• Symptoms in the Extremities – Cold hands and feet, discoloration of the hands and feet, numbness in the extremities, and hand tremors.

How Can I Be Tested for Mold Toxicity?

Black mold fungi

Receiving a diagnosis for mold toxicity can be difficult as many medical professionals still do not routinely test for mold. As you can see by the symptoms above, mold toxicity can mimic many other different conditions, including autoimmune disorders. Because of this, many patients receive misdiagnoses and treatment for something else. It isn’t until those treatments fail that many doctors begin looking for something different, often finding that mold toxicity is to blame.

Different Types of Tests

Urine specimen cup

Testing for mold exposure depends on the type of reactions the patient is experiencing. In cases of hypersensitivity and allergic reactions, doctors test for immune and allergen responses. In cases where doctors suspect an infection, blood tests look for specific immune responses. Doctors take cultures from infection sites. Additional blood tests can look for genetic fungi particles present in the bloodstream. Sputum cultures can look for signs of certain fungi. In the cases of toxic mold, specific urine tests look for the presence of mycotoxins. In addition, blood tests look for the genetic ability of the patient to metabolize specific toxins.

When mold toxicity, or chronic inflammatory response syndrome, is indicated by symptoms, some doctors consider running a Visual Contrast Sensitivity Test. While originally used to test fighter pilots, it has become a nonspecific test of neurological immune function. It gives a high degree of sensitivity for biotoxin exposure. 90 percent of patients with CIRS fail this test.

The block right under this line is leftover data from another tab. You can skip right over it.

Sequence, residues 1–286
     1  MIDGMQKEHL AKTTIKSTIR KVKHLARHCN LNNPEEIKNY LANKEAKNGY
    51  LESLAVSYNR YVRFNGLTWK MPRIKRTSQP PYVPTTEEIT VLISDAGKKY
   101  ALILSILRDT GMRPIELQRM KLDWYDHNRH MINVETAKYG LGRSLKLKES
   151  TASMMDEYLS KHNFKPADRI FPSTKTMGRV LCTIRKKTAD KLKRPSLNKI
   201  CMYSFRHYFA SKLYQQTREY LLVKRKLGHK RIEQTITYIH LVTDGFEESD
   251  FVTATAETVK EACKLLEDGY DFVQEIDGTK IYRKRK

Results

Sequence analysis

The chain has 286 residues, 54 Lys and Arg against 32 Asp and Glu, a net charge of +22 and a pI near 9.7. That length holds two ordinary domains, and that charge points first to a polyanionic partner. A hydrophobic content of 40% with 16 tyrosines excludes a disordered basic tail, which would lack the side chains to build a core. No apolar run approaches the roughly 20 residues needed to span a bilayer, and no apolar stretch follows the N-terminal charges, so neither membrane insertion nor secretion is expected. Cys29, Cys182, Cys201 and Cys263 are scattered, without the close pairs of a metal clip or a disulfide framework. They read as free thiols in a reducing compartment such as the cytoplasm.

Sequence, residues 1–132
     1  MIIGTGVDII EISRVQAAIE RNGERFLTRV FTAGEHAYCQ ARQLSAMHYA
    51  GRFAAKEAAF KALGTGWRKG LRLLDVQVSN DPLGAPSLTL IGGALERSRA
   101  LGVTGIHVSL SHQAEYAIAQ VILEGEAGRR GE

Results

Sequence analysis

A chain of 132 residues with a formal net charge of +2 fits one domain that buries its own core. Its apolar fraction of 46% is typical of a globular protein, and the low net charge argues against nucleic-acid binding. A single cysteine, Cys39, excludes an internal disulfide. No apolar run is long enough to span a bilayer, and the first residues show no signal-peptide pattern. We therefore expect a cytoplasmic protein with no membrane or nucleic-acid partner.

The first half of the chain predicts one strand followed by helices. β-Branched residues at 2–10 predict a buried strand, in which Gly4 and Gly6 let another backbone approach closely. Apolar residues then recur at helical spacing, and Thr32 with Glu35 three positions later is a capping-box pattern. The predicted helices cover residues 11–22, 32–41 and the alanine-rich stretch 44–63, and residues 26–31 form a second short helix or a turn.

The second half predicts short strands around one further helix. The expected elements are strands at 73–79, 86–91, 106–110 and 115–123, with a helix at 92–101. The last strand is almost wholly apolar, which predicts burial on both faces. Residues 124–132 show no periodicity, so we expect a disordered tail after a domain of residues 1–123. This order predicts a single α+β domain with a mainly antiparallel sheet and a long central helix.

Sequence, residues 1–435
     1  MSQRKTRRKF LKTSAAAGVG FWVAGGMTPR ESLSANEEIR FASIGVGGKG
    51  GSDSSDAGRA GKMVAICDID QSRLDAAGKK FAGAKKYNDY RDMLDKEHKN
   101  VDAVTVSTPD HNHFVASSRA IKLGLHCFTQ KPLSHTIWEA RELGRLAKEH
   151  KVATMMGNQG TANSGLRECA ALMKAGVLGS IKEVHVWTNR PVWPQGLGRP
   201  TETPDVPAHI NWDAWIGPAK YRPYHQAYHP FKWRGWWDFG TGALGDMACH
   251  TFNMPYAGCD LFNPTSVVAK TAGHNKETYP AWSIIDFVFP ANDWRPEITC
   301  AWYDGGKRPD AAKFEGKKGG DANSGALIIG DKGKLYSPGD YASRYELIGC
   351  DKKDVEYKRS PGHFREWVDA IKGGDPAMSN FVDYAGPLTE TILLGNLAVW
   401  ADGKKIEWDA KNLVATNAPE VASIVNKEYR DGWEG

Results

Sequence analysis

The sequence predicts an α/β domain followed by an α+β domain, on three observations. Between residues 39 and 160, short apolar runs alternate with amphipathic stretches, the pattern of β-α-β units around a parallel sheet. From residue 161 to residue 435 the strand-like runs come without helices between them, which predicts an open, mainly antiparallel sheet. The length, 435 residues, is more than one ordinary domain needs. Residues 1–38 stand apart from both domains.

Reducing the Risk of Mold Exposure and Removing Mold in the Home

Mold remediation in process

The best way to avoid mold toxicity is to reduce your risk of exposure and this starts at home. There are many ways to reduce the possibility of mold in your home. They include:

  • First, address any potential water leaks. This includes plumbing problems or leaky roofs. Second, fix leaking pipes and make roof repairs. In addition, let any areas that receive water damage from the leaks dry completely. Use fans if possible.
  • Increase the airflow in your home. For example, open windows and allow fresh air to come in. Above all, ensure that air can circulate throughout the entire home. This may mean moving furniture away from the walls, allowing for full air circulation.
  • Install or repair broken exhaust fans in the bathrooms, kitchen, and laundry room. This helps reduce increased moisture levels.
  • Check that you have adequate insulation and ventilation in your attic and crawl spaces.